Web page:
Already a few years older than the age of its average attendee, the Warped Tour marks its 20th anniversary with an all-day lineup that very much emphasizes it’s for the kids. Aside from “1985” novelty hitmakers Bowling From Soup and ’90s ska punks Less Than Jake, most folks over 30 probably don’t recognize a single band name on the lineup. But it’s actually a strong and even somewhat diverse lineup of punk, metal, rap and indie-rock, also with the Devil Wears Prada, Yellowcard, K. Flay, Saves the Day, Of Mice and Men, Every Time I Die, Cute Is What We Aim For, Beartooth, MC Chris, the Summer Set and dozens more. (11 a.m. Sun., Canterbury Park Festival Field, $35.50-$45.) Riemenschneider


Jackson Browne will surround himself with 18 acoustic guitars and a piano. The tougher choice is not which instrument to play — but which song to sing. Even though he hasn’t released an album since 2008’s socio-political “Time the Conqueror,” the Rock Hall of Famer has a marvelous catalog to choose from for this solo acoustic show. Maybe he’ll opt for material from “Late for the Sky,” which will be remastered and reissued in a 30th-anniversary edition this year. Many of his best pieces are featured on this year’s top-notch tribute album, “Looking Into You,” interpreted by an all-star cast including Bruce Springsteen, Bonnie Raitt, Don Henley, Lyle Lovett, Lucinda Williams and Keb Mo. And Browne will likely give a shout-out to his Minnesota cousins and talk about his mother being from here. (8 p.m. Fri. State Theatre, $57.50-$104.) Jon Bream


First Warren Haynes and Derek Trucks announced their intentions to leave the Allman Brothers, and then Gregg Allman announced his plans to disband the group after a few October concerts in New York City. That hopefully means that Haynes may focus more on his own group, Gov’t Mule, demonstrating how to put first-rate blues-rock-jazz solos into a jam band. And don’t underestimate the Mule’s songwriting prowess; if you need evidence, check out last year’s two-disc “Shout” on which the likes of Elvis Costello, Dr. John, Grace Potter, Dave Matthews, Jim James and Steve Winwood tackle Haynes’ tunes. (7:30 p.m. Fri. Minnesota Zoo, $35 & $47.50.) Bream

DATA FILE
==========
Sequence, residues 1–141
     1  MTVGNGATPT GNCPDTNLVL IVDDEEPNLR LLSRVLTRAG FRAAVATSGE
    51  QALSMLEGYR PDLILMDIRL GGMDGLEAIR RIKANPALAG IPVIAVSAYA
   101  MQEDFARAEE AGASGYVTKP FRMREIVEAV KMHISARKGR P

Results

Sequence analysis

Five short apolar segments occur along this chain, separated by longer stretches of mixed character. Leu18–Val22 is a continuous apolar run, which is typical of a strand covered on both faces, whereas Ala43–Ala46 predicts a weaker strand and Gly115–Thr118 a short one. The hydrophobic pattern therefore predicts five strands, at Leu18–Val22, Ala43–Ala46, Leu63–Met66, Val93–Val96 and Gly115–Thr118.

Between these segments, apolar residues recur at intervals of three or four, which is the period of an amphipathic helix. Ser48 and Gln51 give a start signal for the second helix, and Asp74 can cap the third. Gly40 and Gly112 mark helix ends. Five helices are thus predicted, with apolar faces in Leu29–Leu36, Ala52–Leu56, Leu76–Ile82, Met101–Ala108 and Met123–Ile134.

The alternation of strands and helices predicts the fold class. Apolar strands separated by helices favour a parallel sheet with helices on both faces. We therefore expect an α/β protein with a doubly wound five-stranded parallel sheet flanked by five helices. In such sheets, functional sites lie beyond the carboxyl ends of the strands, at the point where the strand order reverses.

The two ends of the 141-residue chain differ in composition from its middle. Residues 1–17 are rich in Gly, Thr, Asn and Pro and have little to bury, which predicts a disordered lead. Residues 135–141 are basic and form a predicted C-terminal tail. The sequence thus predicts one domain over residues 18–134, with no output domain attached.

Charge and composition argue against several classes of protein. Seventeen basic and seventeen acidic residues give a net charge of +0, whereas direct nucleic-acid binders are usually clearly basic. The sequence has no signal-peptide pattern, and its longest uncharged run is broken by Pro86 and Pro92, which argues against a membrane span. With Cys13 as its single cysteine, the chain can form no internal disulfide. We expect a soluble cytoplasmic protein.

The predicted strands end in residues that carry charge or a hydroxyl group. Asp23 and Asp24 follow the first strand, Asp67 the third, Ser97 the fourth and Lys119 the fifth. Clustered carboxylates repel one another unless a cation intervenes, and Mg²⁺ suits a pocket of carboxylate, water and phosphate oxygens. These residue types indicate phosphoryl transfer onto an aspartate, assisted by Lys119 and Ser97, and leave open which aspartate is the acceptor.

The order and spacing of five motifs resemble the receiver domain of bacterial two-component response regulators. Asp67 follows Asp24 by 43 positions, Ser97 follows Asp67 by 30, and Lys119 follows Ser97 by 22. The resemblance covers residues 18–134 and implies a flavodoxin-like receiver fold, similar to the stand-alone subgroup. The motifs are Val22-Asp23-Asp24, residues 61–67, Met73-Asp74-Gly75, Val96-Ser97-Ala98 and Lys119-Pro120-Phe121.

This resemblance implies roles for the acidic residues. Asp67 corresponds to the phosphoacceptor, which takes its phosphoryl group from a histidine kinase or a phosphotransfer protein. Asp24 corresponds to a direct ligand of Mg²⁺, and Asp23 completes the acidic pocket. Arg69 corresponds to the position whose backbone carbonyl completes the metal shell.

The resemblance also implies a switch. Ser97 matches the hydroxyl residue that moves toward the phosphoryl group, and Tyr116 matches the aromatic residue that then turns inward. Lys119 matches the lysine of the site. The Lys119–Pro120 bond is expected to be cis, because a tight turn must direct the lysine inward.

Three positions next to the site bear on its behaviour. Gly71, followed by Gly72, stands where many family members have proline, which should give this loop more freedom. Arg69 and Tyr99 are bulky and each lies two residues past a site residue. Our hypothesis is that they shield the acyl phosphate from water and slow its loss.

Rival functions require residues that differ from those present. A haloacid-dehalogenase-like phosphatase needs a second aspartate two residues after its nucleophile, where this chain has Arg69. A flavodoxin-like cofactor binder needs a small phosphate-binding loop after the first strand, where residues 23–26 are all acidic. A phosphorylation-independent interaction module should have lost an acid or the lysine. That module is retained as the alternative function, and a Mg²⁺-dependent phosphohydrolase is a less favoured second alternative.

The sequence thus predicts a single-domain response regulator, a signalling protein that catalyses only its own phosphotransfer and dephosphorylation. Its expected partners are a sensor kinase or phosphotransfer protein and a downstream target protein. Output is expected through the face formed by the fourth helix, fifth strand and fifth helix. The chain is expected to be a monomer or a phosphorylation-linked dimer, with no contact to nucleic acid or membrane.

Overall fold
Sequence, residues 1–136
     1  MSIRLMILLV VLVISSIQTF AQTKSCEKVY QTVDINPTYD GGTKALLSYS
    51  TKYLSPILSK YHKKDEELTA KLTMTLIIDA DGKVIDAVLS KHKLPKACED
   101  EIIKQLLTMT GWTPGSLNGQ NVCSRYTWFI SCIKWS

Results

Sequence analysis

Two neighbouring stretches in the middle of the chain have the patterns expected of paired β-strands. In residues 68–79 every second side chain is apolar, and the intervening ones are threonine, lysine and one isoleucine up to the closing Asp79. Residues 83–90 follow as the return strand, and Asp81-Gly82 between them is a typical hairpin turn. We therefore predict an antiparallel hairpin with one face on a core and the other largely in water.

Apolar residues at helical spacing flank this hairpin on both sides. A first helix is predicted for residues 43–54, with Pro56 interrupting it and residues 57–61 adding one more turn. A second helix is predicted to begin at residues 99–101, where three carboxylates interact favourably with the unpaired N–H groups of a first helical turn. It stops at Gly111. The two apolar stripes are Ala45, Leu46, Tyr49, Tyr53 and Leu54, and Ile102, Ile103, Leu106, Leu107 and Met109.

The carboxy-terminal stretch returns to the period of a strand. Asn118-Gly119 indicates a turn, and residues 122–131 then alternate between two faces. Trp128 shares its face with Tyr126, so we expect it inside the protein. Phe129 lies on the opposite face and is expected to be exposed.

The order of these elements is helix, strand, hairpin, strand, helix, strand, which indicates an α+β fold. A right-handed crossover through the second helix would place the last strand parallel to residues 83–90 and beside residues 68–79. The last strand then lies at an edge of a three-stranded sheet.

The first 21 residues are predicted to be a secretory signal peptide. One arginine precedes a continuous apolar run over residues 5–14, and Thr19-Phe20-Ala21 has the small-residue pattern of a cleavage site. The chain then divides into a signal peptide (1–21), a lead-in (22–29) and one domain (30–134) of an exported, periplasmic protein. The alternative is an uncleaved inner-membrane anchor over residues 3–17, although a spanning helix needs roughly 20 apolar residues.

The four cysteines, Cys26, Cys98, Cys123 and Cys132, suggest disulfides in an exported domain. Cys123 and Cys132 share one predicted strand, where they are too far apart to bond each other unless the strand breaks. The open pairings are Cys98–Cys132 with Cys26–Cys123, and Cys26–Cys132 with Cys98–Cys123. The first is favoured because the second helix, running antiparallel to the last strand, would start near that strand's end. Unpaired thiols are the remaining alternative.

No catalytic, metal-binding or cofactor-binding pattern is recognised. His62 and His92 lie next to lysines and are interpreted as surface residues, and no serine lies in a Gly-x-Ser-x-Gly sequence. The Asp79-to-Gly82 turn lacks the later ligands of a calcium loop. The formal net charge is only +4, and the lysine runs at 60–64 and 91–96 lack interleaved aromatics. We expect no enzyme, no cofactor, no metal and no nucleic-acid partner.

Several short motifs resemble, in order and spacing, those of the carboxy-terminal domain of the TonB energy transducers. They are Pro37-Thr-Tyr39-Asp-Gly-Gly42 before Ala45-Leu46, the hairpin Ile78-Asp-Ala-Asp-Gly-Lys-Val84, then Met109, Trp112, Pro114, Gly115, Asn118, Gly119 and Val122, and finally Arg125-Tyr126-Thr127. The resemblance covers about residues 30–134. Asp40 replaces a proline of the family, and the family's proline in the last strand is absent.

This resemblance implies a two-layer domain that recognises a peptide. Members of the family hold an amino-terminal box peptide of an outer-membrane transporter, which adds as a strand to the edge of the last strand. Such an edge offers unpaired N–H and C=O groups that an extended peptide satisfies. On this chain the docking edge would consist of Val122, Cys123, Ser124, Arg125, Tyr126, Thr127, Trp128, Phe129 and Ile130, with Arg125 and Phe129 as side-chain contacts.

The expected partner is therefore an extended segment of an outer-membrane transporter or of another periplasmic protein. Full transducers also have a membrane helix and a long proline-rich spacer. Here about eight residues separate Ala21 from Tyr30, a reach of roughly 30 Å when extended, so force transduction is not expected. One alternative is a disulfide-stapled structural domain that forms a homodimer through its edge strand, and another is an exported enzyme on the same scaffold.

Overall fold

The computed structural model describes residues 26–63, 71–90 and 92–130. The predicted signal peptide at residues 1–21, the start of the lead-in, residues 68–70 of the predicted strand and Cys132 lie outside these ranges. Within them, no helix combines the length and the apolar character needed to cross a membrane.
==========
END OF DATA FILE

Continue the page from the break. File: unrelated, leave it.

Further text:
Having long ago scrapped the bawdy frat-boy rock that first made him a star on the Texas music circuit — and got him banned from the Basilica Block Party — Austin singer/songwriter Bob Schneider sounds more sophisticated and serious than ever on his light, folky new album “Burden of Proof,” for which he enlisted the Tosca Strings for elegant accompaniment and a whole lot of heartache. Civil Wars-like duo Dawn & Hawkes open. (8:30 p.m. Fri., Varsity Theater, $20-$22.) Chris Riemenschneider


Marc Cohn has played at the Minnesota Zoo so often that he must be on a first-name basis with all the zookeepers. Well, when Cher is touring the world covering your biggest song (“Walking in Memphis”), you can stand proud. But the raspy-voiced piano man hasn’t built a career on just one song. “Silver Thunderbird” and “True Companion” also received lots of radio play — at least when Cities 97 was “adult-alternative” — and Cohn is an engaging, soulful live performer. His latest recorded effort is a tune, “Too Many Angels,” on the splendid, all-star Jackson Browne tribute album, “Looking Into You.” (7:30 p.m. Sat. Minnesota Zoo, $47 & $59.50.) Bream


Best known as the mouthpiece of the 1990s group October Project, Mary Fahl has a full, robust voice and a sense of adventure. In 2011, she reimagined Pink Floyd tunes on “From the Dark Side of the Moon.” On last year’s “Love & Gravity,” her fifth solo effort, she went minimalist and melancholy. (8 p.m. Sat. Dakota, $28.) Bream


Ben Watt, the less visible half of Everything But the Girl, has released his first solo album in 30 years. “Hendra” is filled with, as Rolling Stone put it, “raging peacefulness.” For Watt’s first U. S. solo tour, expect an evening of intimacy and sadness. The singer/keyboardist will be accompanied by guitarist Bernard Butler, formerly of Suede and producer of Duffy’s blockbuster “Rockferry” album. (7 & 10 p.m. Sat. Bryant-Lake Bowl, $20.) Bream


Just a month after making its local debut at the Triple Rock, Greg Ginn’s remade version of his influential Los Angeles punk band Black Flag can walk back into town with a little swagger. The young, scrappy rhythm section and Ginn’s unmistakable guitar work helped make the previous show feel like more than just a tribute. Same openers as before: Cinema Cinema and Ginn’s theramin-enhanced solo act the Royal We. (8:30 p.m. Sun., Amsterdam Bar & Hall, $15-$20.) Riemenschneider